Introduction to Semantic Segmentation
Computer vision algorithms aim to extract vital information from images and videos. One such task is semantic segmentation which provides granular information about various entities in an image. Before moving forward, let’s briefly walk through image segmentation in general.
What is Image Segmentation?
Image segmentation models allow machines to understand visual information from images. These models are trained to produce segmentation masks for the recognition and localization of different entities present in images. These models work similarly to object detection models, but image segmentation identifies objects on a pixel level instead of drawing bounding boxes.
There are three sub-categories for image segmentation tasks
Semantic segmentation classifies all related pixels to a single cluster without regard for independent entities. Instance segmentation identifies ‘discrete’ items such as cars and people but provides no information for continuous items such as the sky or a long grass field. Panoptic segmentation combines these two algorithms to present a unified picture of discrete objects and background entities.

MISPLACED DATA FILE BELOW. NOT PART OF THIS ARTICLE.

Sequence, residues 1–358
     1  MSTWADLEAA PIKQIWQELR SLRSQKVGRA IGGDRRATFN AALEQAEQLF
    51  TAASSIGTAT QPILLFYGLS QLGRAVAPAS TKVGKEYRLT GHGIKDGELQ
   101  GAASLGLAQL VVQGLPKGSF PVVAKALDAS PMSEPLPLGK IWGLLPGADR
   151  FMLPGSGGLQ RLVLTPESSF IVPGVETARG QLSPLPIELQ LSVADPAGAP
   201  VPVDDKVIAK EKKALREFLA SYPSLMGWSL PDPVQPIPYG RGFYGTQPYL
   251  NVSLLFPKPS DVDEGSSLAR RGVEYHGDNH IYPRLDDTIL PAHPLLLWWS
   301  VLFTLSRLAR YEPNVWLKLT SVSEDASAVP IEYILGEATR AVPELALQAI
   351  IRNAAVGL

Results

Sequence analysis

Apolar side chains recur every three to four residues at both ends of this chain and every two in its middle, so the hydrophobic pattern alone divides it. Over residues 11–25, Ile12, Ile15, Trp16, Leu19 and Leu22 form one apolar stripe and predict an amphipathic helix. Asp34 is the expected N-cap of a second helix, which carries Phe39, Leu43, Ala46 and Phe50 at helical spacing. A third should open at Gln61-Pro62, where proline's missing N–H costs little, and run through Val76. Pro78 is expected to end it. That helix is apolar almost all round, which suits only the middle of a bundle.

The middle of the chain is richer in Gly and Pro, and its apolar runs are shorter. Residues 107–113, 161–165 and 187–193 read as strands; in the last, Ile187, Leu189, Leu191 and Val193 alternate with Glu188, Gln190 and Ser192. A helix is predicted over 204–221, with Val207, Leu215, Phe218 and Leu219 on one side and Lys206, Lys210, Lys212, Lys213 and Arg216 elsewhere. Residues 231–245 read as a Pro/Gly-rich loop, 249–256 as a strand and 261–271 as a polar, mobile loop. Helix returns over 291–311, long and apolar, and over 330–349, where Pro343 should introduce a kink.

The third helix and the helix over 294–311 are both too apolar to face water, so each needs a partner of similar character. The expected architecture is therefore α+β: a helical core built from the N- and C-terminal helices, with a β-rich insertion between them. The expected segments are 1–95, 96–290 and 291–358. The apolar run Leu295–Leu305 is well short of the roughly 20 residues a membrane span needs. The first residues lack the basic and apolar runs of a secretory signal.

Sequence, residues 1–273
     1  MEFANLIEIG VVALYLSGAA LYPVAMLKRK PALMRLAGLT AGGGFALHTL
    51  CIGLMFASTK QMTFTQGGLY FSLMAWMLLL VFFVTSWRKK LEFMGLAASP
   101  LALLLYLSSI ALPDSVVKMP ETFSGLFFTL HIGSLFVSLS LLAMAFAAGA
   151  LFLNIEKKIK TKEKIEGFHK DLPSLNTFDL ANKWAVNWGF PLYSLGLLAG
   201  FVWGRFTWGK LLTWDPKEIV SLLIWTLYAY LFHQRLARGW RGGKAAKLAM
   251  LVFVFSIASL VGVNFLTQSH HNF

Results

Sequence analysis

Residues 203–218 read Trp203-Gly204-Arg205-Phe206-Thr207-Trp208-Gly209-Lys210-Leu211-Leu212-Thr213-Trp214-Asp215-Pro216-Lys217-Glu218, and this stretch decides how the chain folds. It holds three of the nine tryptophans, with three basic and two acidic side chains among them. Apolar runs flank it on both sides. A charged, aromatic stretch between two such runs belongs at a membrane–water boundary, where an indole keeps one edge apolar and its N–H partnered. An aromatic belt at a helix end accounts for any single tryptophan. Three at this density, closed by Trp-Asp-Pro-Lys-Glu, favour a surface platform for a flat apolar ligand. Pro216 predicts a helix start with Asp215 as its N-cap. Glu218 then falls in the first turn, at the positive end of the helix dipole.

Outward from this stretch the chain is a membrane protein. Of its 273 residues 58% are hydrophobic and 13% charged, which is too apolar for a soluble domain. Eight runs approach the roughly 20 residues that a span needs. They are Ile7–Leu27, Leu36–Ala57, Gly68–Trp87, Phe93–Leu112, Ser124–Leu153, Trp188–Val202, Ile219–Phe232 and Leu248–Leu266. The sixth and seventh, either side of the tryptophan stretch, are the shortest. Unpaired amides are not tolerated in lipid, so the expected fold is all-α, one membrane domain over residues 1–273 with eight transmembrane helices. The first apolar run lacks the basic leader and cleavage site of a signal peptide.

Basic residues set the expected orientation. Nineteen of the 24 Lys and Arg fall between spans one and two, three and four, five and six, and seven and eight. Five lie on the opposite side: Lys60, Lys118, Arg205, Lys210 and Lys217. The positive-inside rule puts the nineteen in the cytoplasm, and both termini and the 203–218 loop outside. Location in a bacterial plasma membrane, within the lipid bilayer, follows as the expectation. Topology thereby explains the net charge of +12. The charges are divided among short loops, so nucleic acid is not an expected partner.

This article will explain semantic segmentation in detail and explore its various implementations and use cases.
Understanding Semantic Segmentation
Semantic segmentation models borrow the concept of image classification models and improve upon them. Instead of labeling entire images, the segmentation model labels each pixel to a pre-defined class. All pixels associated with the same class are grouped together to create a segmentation mask. Working on a granular level, these models can accurately classify objects and draw precise boundaries for localization.